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Middle Market CEOs See 20% to 50% Reduction in Base Pay During COVID-19

October 30, 2020, 07:15 AM
Filed Under: Industry News

Executive and board director compensation practices have come under more scrutiny as a result of the pandemic. BDO USA, LLP has released two separate reports, one on CEO and CFO compensation and one on board compensation, which explore how compensation levels and practices changed in 2019 and the extent to which the global health crisis has altered compensation practices.

2020 Study of CEO and CFO Compensation Practices of 600 Mid-Market Public Companies

Executive compensation has not been spared by the global pandemic. The CEOs and CFOs of middle market companies who disclosed their salary reductions indicated reductions in base pay of between 20 percent to 50 percent, according to The BDO 600: 2020 Study of CEO and CFO Compensation Practices of 600 Mid-Market Public Companies, which analyzed the BDO 600 companies' 8K Securities and Exchange Commission filings filed from March to June 2020.

For some companies experiencing reduced cash flow, reductions in pay, staff or both have been necessary to remain financially viable. In addition to these measures, companies have also modified goals, changed payout schedules or implemented deferral arrangements in order to manage cash flow more effectively.
Percent disclosing salary reductions:

  • CEO -- 19%
  • CFO -- 17%
  • NEO* -- 17%

Median decrease:

  • CEO -- (33%)
  • CFO -- (20%)
  • *NEO -- (20%)

Median number of months:

  • CEO -- 6
  • CFO -- 5.75
  • *NEO -- 6

*NEO = named executive officer

These reductions came after increases in total direct compensation (TDC) for CEOs and CFOs of 4.7 percent and 4.4 percent, respectively, in 2019. This represents a greater increase in TDC than 2018, when CEOs saw a 3.6 percent and CFOs a 3.7 percent increase.

“Reductions in executive pay have been necessary across sectors and industries in order for companies with pinched cash flow to keep financially viable but also to reinforce a sense of solidarity with employees outside the C-suite,” said Judy Canavan, Managing Director of BDO’s Global Employer Services. “With ever more scrutiny on executive pay, companies that have eschewed making compensation changes at the C-level may face blowback from stakeholders and employees during what is an already volatile and unstable time.”

The onset of the global pandemic has magnified a growing trend of scrutinizing executive pay levels, further challenging compensation committees to align the interests of executives with shareholders and other stakeholders. While incentives pay, including both short-term incentives (STI) and LTIs, is generally considered an effective approach for linking the financial interests of the top executives to that of the company and other stakeholders, developing metrics and setting goals can be incredibly challenging.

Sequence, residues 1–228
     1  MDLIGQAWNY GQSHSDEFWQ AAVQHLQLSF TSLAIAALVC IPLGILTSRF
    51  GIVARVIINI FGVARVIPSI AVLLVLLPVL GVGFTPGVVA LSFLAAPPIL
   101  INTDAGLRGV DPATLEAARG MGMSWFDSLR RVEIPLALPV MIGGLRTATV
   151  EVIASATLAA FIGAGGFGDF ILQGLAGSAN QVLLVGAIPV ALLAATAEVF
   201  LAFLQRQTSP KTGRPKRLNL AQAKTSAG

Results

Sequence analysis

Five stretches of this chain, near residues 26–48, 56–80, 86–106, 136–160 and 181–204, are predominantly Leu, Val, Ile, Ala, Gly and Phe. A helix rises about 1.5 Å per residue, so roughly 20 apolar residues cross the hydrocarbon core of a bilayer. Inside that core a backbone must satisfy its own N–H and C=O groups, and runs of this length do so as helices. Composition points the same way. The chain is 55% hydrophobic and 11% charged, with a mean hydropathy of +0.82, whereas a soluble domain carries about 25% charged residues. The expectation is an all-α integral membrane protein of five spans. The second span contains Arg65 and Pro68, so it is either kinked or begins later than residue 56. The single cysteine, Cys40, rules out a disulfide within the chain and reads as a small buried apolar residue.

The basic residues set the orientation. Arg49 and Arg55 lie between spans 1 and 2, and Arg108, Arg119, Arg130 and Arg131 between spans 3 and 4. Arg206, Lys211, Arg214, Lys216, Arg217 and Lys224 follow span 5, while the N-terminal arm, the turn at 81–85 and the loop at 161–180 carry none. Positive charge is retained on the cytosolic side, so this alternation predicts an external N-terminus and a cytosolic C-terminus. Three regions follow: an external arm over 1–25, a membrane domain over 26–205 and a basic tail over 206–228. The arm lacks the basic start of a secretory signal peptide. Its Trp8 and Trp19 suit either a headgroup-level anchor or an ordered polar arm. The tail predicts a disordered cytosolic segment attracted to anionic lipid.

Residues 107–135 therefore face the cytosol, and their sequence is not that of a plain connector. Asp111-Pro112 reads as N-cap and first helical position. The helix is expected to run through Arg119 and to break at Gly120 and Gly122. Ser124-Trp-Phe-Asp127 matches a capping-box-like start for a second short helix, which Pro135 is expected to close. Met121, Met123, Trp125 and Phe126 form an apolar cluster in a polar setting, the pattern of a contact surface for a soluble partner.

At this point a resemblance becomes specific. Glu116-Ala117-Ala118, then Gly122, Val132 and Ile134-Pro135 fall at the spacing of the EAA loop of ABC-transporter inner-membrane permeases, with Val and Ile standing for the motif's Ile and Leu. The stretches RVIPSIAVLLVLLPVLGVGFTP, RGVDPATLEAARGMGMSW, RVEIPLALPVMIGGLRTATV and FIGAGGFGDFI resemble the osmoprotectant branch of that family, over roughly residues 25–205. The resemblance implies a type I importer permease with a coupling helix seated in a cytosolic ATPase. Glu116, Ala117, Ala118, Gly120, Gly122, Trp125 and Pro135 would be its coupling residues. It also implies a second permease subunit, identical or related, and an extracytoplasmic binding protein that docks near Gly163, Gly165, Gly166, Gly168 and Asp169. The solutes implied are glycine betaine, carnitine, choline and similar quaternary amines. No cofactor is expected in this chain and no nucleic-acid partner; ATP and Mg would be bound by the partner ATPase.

“Greater incentive compensation, which is more common among larger companies, underscores that compensation committees increasingly are looking to link compensation to company performance,” Terry Adamson, BDO’s Managing Director and Compensation Consulting Services Leader, said. “In a COVID-19 climate, that becomes more challenging as company performance may be out of sync given the financial turbulence so many have experienced in the last six months. The question then becomes: which metrics are appropriate and how can we set goals with reasonable rigor?”

As addendums to the BDO 600 CEO and CFO survey, BDO categorized performance metrics into five dimensions and examined executive pay and company performance alignment among the 600 companies surveyed for the BDO 600 report. A significant relationship between the portion of CEOs’ total compensation delivered through incentives and a change in at least one measure of company performance was evident in seven of the eight industry groups assessed.

Other items of note:

  • Healthcare CEOs see largest YOY increase while technology CEOs are highest paid: CEOs in the healthcare industry experienced the largest year-over-year increase, 8.4 percent, in average TDC. Technology company CEOs ranked as the most highly compensated among all industry groups, earning on average about $5.7 million per year.
  • Larger companies put more pay at risk: Approximately 80 percent of CEO pay was tied to incentive compensation. Variable compensation increased in tandem with company size for both CEOs and CFOs.
  • Should the idea of the peloton be applied to executive compensation? Translating the formation of a peloton, or the body of cyclists in a race, into corporate leadership, BDO arrived at three tiers of compensation that could be applied to major public companies. Click here to read more.

For more in-depth data and insights download The BDO 600: 2020 Study of CEO and CFO Compensation Practices of 600 Mid-Market Public Companies.

To read the 2020 Study of Board Compensation Practices of 600 Mid-Market Public Companies, click here.

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